“Changeable Conditions: British Writing About the Weather, 1700-1795”
Speaker: Morgan Vanek
Location: NF113 (Northrop Frye Hall)
Writing for The Humourist in 1720, Thomas Gordon observed, with some anxiety, a “remarkable Sympathy between a human spirit and the Weather” that threatened to undermine both reason and ethics: “we cannot bear,” he declares, “to have our best Thoughts in Poetry…or our Speeches in the House of Commons [owing] to a cool Walk in the Garden.” Gordon’s anxiety was not uncommon among writers of the early eighteenth century – but by 1771, Tobias Smollett would tell a different story. In The Expedition of Humphry Clinker, “weather-beaten” bodies – bodies drenched with rain or shivering with cold – appear not to mark the limits of human agency, but rather to call the reader to action: these bodies, marked by bad weather, appear wherever Smollett’s protagonists identify a city or scene that could be governed more efficiently, often asserting his characters’ right to intervene to keep the most brutal effects of the weather under better control.
How, in the space of fifty years, did weather turn from a force that governs the mind and marks the body into a force that could be mitigated by more forward-thinking governance? How, during a period of massive imperial expansion, does this shift in thinking affirm the changing political and economic priorities of the British empire? Tracking the change in writing about the weather in the fifty years before the beginning of the Anthropocene (or the period in which the human species began to leave its indelible mark on the geological history of the planet), this lecture will explore how eighteenth-century writers leverage the threat of environmental influence at once to justify a British right to govern all over the world – and to establish the limited view of human agency that continues to underpin contemporary debate about the reality of anthropogenic climate change.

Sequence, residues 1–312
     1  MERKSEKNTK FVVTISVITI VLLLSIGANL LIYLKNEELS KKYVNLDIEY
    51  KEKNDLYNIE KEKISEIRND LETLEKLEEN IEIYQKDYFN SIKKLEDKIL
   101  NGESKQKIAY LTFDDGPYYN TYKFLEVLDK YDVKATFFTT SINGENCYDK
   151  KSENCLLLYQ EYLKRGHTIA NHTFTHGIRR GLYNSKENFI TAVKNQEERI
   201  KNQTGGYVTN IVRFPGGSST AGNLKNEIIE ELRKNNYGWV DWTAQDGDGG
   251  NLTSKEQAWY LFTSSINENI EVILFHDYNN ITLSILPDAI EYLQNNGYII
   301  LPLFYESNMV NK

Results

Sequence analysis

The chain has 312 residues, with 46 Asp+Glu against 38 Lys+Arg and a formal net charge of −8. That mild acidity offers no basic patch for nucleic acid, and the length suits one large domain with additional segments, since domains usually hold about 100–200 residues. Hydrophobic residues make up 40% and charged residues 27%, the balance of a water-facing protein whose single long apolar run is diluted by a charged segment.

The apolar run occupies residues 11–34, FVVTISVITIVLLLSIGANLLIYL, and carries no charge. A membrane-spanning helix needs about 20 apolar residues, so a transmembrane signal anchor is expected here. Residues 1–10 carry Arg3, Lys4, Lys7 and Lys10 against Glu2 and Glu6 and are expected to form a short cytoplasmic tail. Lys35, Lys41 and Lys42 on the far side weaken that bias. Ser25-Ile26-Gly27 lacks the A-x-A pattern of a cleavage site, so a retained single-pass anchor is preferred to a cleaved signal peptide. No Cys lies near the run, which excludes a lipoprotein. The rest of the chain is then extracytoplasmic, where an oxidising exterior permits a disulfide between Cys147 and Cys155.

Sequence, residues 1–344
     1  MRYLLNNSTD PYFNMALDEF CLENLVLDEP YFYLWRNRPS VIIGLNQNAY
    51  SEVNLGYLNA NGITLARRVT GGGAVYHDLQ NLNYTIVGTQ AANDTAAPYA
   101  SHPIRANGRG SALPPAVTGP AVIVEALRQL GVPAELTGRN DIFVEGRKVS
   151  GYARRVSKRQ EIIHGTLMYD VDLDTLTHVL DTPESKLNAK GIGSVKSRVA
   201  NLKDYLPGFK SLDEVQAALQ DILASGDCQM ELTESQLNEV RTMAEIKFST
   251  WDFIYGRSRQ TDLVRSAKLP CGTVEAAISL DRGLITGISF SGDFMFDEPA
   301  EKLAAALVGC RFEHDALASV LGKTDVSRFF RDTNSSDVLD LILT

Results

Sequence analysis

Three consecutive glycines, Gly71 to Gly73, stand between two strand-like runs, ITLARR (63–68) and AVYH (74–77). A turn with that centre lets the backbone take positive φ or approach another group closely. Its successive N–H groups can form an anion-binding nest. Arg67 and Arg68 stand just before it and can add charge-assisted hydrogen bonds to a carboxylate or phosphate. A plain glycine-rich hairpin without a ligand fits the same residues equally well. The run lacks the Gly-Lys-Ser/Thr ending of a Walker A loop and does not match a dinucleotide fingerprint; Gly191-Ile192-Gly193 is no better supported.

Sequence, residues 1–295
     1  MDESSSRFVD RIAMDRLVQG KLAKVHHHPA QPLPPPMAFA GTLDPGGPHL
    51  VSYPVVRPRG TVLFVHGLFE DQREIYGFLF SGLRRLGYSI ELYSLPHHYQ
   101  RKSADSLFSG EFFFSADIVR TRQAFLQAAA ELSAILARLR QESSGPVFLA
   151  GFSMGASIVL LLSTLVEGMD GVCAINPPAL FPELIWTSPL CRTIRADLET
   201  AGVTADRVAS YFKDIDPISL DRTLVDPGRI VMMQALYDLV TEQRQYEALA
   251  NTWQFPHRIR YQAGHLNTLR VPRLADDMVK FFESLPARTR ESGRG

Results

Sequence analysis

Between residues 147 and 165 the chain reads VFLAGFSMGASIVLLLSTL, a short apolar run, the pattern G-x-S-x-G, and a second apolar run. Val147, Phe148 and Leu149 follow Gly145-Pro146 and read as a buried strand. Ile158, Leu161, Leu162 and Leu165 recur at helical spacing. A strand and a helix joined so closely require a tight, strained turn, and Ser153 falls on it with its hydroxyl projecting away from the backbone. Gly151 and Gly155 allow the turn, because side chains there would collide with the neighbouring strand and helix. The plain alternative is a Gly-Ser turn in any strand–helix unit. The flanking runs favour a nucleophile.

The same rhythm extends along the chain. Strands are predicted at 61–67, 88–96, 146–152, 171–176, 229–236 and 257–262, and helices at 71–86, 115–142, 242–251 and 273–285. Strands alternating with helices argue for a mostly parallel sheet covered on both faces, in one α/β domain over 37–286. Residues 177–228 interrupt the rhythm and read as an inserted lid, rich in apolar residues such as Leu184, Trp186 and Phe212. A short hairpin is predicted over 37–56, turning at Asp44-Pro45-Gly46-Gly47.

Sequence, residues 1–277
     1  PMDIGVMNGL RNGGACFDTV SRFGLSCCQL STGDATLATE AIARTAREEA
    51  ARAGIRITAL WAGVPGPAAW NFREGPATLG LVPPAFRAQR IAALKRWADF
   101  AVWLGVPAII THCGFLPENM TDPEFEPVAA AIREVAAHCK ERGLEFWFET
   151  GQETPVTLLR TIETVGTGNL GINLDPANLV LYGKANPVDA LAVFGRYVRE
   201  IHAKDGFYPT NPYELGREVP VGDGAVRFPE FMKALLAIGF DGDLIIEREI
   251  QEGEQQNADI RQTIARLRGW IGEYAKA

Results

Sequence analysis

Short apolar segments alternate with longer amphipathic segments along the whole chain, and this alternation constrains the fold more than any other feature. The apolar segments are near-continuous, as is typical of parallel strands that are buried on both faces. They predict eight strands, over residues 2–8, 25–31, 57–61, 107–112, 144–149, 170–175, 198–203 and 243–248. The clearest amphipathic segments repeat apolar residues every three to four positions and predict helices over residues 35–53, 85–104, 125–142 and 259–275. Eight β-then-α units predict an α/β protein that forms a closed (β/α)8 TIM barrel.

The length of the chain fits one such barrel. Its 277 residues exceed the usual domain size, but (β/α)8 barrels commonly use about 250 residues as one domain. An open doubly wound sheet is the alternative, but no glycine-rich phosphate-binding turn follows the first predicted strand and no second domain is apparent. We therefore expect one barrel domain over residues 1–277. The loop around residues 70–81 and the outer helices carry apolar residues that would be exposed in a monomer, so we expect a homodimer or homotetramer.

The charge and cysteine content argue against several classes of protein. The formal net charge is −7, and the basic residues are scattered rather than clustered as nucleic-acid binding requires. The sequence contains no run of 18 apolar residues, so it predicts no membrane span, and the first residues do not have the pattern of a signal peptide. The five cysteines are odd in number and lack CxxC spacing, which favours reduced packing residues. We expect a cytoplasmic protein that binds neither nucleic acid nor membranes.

Join us Monday, February 9th in NF113 at 11:00am for the conclusion of the Northrop Frye Centre Public Seminars series. Morgan Vanek works in Restoration and eighteenth-century British literature, early Canadian literature, and the cultural history of meteorological science.
"It’s paper, paper, maps”: City Maps, Poetic Bodies"
Speaker: Joanne Leow
Location: VC206 (Old Vic)
How do we find our way around a city today? We live in a time dominated by city maps of all sorts from GPS to blueprints, and in the work of urban planners and property developers. These maps are so ubiquitous that they have become the dominant ways that we understand and experience space. But how do we really find our way around the city, negotiating the various layers of histories, memories, the present, and what may be in the process of becoming our future? This talk considers the role of the literary in the production of urban spaces. Reading texts from transnational cities like Singapore, Vancouver, and Toronto through the lens of spatial theory, we will consider how human sociality and complexity can intervene in the capitalist city. Literary readings will pair poems with condominiums, verses with architecture, and stanzas with ruins. How might literature alter the ways in which we dwell in space beyond maps? What might come from the poet Dionne Brand’s revelation that “It’s paper, /paper, maps. Maps that get wet and rinse out, in my hand /anyway”?
Speaker: Colin Rose
Location: NF113 (Northrop Frye Hall)
The recent rise of the “digital humanities” has led historians to develop new research tools and methods that incorporate computers’ ability to analyze, manipulate and display large quantities of data of varying types. Historians face a particular challenge among humanists: how do we preserve the core values of our discipline – preservation of documentary evidence, close cultural analysis of context and meaning, considerations of change over time – while exploiting the potential of new technologies to inspire new questions and spur innovative research solutions?
Mapping, as an activity that is already familiar to most historians, provides historians the best access to a fruitful relationship with the digital humanities. This talk argues that Geographic Information Systems, or GIS digital mapping, not only helps historians to visualize and present historical data, but also to analyze it, compare it, and, ultimately, to use it. Using the example of homicides in Bologna, Italy in the seventeenth century, Rose shows how Historical GIS can improve our understanding of social history by analyzing documentary evidence through geospatial and temporal cartography.